Jack Morin, author of The Erotic Mind, asserts that when couples try to spend too much time together, and become more like best friends rather than lovers, it can totally ruin their sex lives (and who wants to get frisky with their best friend?).
We’re all about fanning the fire in a relationship…but isn’t the point of having a significant other so you can stop doing your hair and pop each other’s back pimples? Aren’t we supposed to get “comfortable” so we can get closer? How are you supposed to do that if you’ve never passed wind in front of one another?
We had to ask Christine Hart, dating and relationship expert, to help us learn where to draw the line.
While she agrees that being too much of a good friend with your partner can cool down your relationship, what exactly causes it to happen depends on the situation. “What’s too close for one is couple is fine for the next couple,” says Hart. “It’s a matter of personal taste.” So while peeing with the door open and perpetually wearing sweatpants may seem only normal to you, it could be a turn off your partner.
The one move she definitely recommends avoiding is joking about sensitive topics with others, particularly in the intimacy department. You may think that because you’ve been together for a long time it’s okay to poke fun at your partner (“I’m lucky if she’s ever in the mood!” is never a good punchline). “It’s a huge blow to the ego to go there,” warns Hart.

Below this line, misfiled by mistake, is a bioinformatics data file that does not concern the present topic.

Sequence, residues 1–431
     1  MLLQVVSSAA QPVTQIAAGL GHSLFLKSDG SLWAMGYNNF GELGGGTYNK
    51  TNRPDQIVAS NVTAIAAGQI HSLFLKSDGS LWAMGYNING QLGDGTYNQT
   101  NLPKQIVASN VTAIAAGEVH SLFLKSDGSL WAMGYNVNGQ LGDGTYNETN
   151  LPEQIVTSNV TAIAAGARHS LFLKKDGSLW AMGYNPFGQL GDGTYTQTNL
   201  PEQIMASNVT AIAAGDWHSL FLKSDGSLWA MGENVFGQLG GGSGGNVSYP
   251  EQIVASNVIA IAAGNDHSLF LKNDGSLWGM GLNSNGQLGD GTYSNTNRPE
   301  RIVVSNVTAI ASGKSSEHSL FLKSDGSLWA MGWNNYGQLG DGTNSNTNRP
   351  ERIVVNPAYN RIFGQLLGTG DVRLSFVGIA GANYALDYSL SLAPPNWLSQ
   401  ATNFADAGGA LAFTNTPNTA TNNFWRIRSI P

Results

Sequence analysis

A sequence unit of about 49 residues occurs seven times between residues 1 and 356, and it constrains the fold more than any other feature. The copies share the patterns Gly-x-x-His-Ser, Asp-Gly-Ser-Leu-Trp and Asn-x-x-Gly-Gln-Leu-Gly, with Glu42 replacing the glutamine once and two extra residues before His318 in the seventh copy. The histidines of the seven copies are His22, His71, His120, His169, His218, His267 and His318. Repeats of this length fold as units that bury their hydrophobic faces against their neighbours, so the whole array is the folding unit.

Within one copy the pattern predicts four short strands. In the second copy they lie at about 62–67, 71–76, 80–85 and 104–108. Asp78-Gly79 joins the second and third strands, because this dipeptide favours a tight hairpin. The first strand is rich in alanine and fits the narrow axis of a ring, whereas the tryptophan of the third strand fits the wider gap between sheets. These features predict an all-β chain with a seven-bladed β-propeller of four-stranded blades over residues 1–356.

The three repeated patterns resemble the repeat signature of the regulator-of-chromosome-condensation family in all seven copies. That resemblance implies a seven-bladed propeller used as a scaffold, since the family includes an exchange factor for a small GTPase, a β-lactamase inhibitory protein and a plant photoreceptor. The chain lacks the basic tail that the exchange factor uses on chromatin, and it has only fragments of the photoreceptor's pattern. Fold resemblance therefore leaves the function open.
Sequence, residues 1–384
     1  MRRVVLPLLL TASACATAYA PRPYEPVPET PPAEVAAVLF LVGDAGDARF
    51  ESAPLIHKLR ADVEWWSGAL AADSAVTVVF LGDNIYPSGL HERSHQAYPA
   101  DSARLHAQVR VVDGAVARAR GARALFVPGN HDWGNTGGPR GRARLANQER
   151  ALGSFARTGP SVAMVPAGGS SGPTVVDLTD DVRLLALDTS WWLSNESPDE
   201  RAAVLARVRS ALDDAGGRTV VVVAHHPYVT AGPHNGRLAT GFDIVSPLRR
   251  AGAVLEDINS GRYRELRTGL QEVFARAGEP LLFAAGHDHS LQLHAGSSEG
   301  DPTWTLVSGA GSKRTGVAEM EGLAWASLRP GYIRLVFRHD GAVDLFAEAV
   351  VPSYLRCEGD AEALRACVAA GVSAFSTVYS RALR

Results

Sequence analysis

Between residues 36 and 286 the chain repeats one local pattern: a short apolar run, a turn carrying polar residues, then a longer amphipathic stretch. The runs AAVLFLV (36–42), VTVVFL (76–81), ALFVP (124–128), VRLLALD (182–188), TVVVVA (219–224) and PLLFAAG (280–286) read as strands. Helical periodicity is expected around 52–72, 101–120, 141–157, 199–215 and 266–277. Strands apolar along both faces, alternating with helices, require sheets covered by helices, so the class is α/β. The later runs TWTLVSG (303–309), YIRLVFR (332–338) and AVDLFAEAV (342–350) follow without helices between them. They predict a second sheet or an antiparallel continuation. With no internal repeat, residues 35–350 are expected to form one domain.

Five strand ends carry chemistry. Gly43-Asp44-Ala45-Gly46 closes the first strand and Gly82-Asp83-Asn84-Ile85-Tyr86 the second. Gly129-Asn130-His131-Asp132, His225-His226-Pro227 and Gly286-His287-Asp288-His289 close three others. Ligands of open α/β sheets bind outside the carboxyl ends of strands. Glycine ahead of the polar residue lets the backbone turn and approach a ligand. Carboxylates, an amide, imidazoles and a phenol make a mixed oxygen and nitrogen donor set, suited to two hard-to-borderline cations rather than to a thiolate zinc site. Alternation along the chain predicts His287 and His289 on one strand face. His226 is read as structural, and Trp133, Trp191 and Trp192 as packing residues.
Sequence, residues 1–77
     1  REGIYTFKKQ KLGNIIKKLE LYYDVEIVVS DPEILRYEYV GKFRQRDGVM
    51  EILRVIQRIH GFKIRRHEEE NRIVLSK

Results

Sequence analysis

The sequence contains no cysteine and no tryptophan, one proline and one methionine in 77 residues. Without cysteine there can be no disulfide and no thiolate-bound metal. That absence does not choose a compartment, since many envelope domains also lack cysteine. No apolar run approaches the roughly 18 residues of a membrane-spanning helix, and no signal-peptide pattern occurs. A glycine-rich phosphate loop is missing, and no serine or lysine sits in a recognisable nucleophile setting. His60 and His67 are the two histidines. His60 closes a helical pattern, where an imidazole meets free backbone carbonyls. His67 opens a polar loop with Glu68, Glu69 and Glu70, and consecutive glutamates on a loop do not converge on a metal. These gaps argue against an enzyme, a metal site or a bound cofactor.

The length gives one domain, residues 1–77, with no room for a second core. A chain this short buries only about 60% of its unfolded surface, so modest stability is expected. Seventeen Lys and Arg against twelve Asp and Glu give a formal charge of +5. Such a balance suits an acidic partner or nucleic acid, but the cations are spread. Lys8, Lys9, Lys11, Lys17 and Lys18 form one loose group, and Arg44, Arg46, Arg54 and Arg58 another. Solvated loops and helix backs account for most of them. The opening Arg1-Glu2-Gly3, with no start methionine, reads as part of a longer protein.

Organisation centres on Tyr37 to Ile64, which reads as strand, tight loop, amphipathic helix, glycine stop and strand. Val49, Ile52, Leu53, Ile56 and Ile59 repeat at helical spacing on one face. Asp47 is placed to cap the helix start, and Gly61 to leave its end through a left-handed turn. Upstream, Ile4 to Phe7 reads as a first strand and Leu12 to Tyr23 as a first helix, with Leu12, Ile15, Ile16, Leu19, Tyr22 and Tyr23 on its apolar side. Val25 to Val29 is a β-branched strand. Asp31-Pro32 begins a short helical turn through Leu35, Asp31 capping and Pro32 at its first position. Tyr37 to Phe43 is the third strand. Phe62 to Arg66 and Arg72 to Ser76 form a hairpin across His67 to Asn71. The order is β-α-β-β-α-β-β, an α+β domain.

And while being comfortable is fine, completely letting yourself go is definitely a turn off. If you used to dress up, but now it’s only jeggings and sweatshirts, you could be sending your partner a subliminal message that you just don’t care anymore. “Both sexes are guilty of that,” says Hart.
She also recommends having other interests and friends that keep you both busy, so that when you are together your time is spent bonding, not venting about work or going to a gym class.
The best way to know if you’re getting to close is to ask your partner, and ask that they be vocal when something goes too far in their eyes, whether its when you clip your toenails in bed or eat a sandwich on the treadmill. “We have unrealistic expectations of each other, forgetting that it’s so much about open communication,” says Hart.
Hart recommends taking a light-hearted approach when broaching the subject. “The only way is to have a fun conversation over drinks and make it a game.” Take turns asking whether something is a turn off or not. Then they’ll know to shut the bathroom door and clean out the sink the next time they decide to manscape.
And while you shouldn’t expert radical changes the next day, Hart warns that ‘putting up with’ behaviour that turns you off can have worse consequences down the road. “Having resentment around sex is a whole other problem. You need a safe space to bring it up,” she says.
If you and your partner are feeling a bit too comfortable, broach the subject of spicing things up in the bedroom by telling your significant other how happy you are with your sex life, but then offer some suggestions you think will make it even better.Advises Hart: “If you’re the one bringing it up, have ideas of what you’d like to try. Mention something you read about or saw in a sex shop. When you come with options, you give your partner the chance to choose.”
While the benefits of getting closer outweigh the effort it takes to keep up the appearance that you’re a flawless human being (“I always wake up with perfect makeup!”), Hart suggests checking on the pulse of your relationship every now and then to make sure there’s more fire than friendship.